The outbreak in the Democratic Republic of Congo has been ongoing since last August. An emergency declaration “is an unambiguous global statement that the situation is dire,” Tom Inglesby, director of the Center for Health Security of the Johns Hopkins Bloomberg School of Public Health

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Bruce Schneier argues that we’ll have to battle both the disease and the fake news

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The outbreak of Ebola in the Democratic Republic of the Congo is among the most deadly in history, and despite a slowing spread, public health experts say the situation isn’t likely to get better. Why?

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Researchers have analysed anonymized phone records of tens of millions of people in low-income countries. Critics question whether the benefits outweigh the risks

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An Ebola outbreak in eastern Congo — the second-largest in history — is escalating in part because locals don’t trust health workers and government officials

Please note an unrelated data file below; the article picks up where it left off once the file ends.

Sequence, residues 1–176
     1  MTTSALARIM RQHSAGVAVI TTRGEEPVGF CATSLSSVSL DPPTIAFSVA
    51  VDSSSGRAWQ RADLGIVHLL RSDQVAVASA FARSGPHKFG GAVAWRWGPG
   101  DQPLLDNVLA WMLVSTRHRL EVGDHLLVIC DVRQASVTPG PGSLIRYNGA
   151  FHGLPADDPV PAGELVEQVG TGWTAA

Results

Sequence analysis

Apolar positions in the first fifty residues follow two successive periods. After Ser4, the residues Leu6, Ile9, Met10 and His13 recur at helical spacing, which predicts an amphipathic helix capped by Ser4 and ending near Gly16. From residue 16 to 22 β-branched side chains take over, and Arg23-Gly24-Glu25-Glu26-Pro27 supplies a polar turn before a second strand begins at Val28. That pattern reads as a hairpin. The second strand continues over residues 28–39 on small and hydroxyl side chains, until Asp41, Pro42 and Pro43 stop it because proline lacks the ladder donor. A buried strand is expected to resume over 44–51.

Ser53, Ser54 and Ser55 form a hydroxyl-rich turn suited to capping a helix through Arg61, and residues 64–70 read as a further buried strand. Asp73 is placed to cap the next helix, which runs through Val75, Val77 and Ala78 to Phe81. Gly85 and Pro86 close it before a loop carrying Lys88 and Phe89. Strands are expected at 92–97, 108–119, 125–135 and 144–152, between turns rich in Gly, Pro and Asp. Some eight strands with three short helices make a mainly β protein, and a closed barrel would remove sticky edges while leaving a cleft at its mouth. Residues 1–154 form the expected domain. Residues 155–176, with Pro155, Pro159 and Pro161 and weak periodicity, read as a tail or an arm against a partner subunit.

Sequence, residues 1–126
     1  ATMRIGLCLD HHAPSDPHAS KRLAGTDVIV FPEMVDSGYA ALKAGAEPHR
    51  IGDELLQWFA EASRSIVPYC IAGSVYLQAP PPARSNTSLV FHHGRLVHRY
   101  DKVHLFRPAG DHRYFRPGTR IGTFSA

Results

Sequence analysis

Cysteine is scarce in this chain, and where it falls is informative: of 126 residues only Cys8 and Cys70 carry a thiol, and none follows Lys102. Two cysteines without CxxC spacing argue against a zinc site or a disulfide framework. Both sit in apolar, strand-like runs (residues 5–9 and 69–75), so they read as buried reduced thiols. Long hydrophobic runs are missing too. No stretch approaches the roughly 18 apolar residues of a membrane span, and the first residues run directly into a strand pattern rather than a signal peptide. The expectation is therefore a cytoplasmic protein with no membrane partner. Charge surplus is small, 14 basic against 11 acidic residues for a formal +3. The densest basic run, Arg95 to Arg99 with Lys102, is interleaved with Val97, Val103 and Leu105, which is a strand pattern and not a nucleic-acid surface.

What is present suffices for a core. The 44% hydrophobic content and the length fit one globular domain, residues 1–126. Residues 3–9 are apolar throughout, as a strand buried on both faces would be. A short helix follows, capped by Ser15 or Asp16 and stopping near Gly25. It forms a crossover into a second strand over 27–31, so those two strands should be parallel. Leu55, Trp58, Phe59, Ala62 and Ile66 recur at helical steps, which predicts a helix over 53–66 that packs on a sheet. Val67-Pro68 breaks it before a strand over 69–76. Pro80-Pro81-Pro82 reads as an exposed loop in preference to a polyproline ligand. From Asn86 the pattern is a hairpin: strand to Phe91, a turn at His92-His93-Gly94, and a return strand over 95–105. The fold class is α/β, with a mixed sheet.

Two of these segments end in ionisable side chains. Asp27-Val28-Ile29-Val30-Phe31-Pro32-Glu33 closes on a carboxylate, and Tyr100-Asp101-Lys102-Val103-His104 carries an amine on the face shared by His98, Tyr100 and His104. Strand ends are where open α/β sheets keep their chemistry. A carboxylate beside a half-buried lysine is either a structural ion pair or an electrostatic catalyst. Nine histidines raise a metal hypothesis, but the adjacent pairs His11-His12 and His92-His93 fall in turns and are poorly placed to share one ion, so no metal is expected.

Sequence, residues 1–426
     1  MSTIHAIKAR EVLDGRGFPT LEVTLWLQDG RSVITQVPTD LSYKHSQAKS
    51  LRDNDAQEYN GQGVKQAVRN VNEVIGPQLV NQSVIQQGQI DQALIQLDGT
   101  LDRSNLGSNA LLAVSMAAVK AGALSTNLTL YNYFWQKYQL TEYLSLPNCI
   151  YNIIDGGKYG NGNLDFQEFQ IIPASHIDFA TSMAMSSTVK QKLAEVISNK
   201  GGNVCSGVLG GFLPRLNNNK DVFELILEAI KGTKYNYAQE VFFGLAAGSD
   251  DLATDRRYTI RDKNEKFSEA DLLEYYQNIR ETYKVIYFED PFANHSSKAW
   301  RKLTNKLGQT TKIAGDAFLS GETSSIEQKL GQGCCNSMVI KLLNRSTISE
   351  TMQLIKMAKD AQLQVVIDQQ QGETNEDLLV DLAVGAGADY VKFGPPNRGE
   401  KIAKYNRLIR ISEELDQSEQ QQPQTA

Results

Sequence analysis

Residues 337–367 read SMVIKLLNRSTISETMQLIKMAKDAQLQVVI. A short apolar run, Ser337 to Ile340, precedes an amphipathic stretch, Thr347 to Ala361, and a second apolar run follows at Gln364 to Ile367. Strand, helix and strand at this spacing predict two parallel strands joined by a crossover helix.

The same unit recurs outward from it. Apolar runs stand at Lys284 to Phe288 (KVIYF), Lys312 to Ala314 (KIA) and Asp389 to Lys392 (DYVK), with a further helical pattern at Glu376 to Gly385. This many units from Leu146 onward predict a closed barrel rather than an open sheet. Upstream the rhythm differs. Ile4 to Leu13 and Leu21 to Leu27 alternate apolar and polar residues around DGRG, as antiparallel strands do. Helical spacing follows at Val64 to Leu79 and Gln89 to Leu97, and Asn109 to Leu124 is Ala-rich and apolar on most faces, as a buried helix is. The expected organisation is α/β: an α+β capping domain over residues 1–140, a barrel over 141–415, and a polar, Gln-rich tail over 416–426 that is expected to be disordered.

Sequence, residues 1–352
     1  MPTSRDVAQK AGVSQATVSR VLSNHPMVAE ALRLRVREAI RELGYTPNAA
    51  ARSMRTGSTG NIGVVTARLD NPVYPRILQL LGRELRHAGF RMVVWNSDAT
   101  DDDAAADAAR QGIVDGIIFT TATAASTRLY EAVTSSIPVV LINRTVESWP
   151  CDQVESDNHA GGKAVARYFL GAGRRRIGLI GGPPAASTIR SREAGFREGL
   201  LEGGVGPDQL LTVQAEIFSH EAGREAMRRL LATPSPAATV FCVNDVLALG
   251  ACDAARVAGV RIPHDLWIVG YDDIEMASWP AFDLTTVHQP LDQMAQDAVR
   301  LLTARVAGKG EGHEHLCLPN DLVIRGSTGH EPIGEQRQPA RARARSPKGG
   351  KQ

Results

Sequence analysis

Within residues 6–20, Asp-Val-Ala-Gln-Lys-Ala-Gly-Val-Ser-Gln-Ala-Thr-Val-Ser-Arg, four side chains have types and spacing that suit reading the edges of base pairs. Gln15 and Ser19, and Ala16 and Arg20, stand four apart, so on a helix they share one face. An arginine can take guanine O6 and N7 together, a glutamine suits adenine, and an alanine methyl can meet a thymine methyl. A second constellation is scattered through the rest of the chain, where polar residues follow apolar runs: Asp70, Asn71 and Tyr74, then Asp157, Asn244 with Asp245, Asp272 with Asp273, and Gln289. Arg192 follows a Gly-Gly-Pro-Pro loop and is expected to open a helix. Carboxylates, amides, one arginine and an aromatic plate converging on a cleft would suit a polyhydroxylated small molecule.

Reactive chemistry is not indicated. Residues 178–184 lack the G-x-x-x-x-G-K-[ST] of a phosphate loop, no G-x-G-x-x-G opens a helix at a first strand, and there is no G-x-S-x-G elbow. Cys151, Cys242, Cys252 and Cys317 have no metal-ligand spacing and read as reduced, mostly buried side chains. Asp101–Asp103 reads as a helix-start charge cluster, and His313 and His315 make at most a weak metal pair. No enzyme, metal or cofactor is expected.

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“The violence is directly connected to the inability to get the epidemic under control,” said our Leonard Rubenstein, “It’s an unrecognized problem, Anybody concerned with global health needs to … recognize what a threat this is to people all around the world and to us as well when epidemics can’t be stopped because of violence.”

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“This is where we think machine learning has the great opportunity to help us,” said Dr. Daniel Cantillon, a cardiologist who serves as medical director of the CMU. “The challenge is we have to be able to call our shots in advance, and that’s something we’re deeply invested in”

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Jeremy Farrar writes ‘First isolated in Malaysia in 1999, Nipah virus rapidly went from unknown to endemic in Bangladesh, which has seen an outbreak almost every year since 2001. Large gaps remain in our understanding, however, such as how the virus crossed India to spark an epidemic…’

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